Jeffrey Ferris arrived in Connecticut between 1635 and 1640. He would remain in that colony until his death in 1666. He, and his family, would play an important part in the history of the state and in the development of western Connecticut. Records from the era are scarce, and there are several conflicts among Ferris family researchers with respect to dates, places and persons.
Wethersfield, Connecticut, was founded in 1634. It lies on the Connecticut River south of Hartford. Jeffrey Ferris is believed to have owned land in the community in the years before 1640.
Of the five children commonly assigned to Jeffrey, two were most likely born in Wethersfield, Joseph in 1635 and Peter in 1636. Johna and Mary, both believed to have been born about 1640, have a more uncertain birthplace. James was most likely born in Stamford.
Stamford, Connecticut, was founded about 1640. Many of its first settlers were men from Wethersfield. The move west took these pioneers into a region claimed by both the English and the Dutch. One of the best, though imperfect, records of the era is History of Stamford, Connecticut, from its settlement in 1641, to the present time by Elijah Baldwin Huntington. He states [page 31] that Jeffrey Ferris was one of the original settlers, who paid for a survey of the location and received ten acres in the first allotment.
A book titled Ye Historie of Ye Town of Greenwich, By Spencer Percival Mead, spells out the early history of that community. The book has the record of a land purchase from local Indians on July 18, 1640 in which Jeffrey Ferris is mentioned. [pages 6-7] The book contains the agreement between Stamford and Greenwich on their mutual boundary in Nov. 1641. It also has the translated agreement from April 9, 1642, where the inhabitants of Greenwich accepted Dutch citizenship.
In 1643, Dutch ill-treatment of the Indians caused war to break out and the Stamford / Greenwich area was the scene of several attacks. The war ended with the Feb. 1644 battle of Strickland Plains.
In 1656, Jeffrey Ferris was one of several settlers who petitioned the New Haven colony to admit Greenwich into the colony. Huntington has this to say about the relationship of Stamford and Greenwich in that time [page 82]:
Nor did there seem to be any serious jealousy on the part of the Greenwich people at this exercise of supervision from the Stamford authorities. Indeed, the most of the English at Greenwich had probably come originally with the Stamford colony, and in their exposure to the Indian and the Dutchman, had in some sort, relied upon their close union with Stamford for their safety and defense. The boundaries, indeed, between the two settlements appears not to have been determined. Several times in the records of those days, a person mentioned, is spoken of as living about Stamford and Greenwich.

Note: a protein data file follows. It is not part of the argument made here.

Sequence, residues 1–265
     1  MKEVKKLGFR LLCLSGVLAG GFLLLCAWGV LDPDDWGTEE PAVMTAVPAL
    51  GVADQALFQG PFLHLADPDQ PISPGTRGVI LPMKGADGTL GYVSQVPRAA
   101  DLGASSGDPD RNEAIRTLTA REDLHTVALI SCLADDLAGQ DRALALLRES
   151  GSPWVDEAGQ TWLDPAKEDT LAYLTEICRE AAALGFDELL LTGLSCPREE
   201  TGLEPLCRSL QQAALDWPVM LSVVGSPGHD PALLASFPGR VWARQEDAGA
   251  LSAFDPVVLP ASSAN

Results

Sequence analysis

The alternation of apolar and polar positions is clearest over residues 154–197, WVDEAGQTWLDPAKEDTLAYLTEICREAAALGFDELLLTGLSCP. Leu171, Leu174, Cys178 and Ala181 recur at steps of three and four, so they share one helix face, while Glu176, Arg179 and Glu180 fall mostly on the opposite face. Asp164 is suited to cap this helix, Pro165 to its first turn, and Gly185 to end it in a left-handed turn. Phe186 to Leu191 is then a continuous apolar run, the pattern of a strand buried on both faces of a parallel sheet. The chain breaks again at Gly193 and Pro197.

Huntington has Susanna Norman Lockwood Ferris, wife to Jeffrey, as dying on Dec. 23. 1660, in Greenwich. He also has Jeffrey dying on Dec. 31, 1658, not 1666. [page 158]
A settlement that later became part of Greenwich was the oddly named Horseneck. In 1672, the lands west of the Mianus River were divided up and the area called Horseneck because it was in large part a horse pasture. It is now called Field Point.
Also mentioned in the old records is a hamlet or location variously called Stanwich or Stamwich. It, too, is now a part of Greenwich.
All four of the sons of Jeffrey Ferris are listed as landowners in Greenwich as of May 21, 1688.
Joseph Ferris appears to be the eldest of Jeffrey’s sons. Jim Ferris, in his epic compilation of Ferris data and lore, has this to say:
Joseph was an influential citizen of Greenwich; in 1672 he is recorded as one of the 27 proprietors and in 1688 as one of the 52 landowners. The frequent land transactions in which he was involved are indicative of increasing prosperity, which is further verified by the tax rate of 1697, his assessment at that time being second in the town.
I have Peter Ferris as the second child of Jeffrey. Of note is his participation as a juror in the witchcraft trial of either Elizabeth Clason or Mercy Disbrough in Stamford in 1692, or both.
I suspect it was Mercy’s trial. Peter, Joseph and Hannah Ferris are known too have signed an affidavit attesting to the good character of Elizabeth Clauson.
Mercy Disbrough was indicted for witchcraft on September 14, 1692. Her actual crimes would appear to be a strong will and smokin’ hot good looks. As she is supposed to have told the court:
This trial is a mockery to satisfy the ill will of jealous women, godless clergymen, and sinful men. You need all seek repentance from God.
Neither of the two women were executed and both lived to ripe, old ages after having been freed.
John Ferris is the third son and child of Jeffrey by my reckoning. He was probably the fist of the lineage to make the move to Westchester County in New York. He was one five grantees (patentee) on the original Westchester Patent, granted February 13, 1667 by Governor Nichols. John acquired Grove Farm, at Throgs Neck in what is now the Bronx, through marriage. Grove Farm would serve the Ferris family for many years.
Jeffrey’s youngest child and fourth son is James Ferris. This is one of those not uncommon situations where the lack of concrete data creates confusion. At the link, there is a comprehensive discussion of the issues. James is found in Jeffrey’s will and I accept that version of the lineage. Some of this branch of the family remained in the Greenwich and Stamford area and Ferris relatives live there today.
Ebenezer Ferris (1735-1824), a great-great grandson of Jeffrey Ferris, played a large role in the introduction of the Baptist church in Stamford. He and his wife, Abigail, left the Congregational Church in 1769 over the issue of the method of baptism. He became a stalwart of the Baptists, according to Huntington [pages 323-324]. He was made deacon in 1771. He was ordained a Baptist minister July 3, 1784.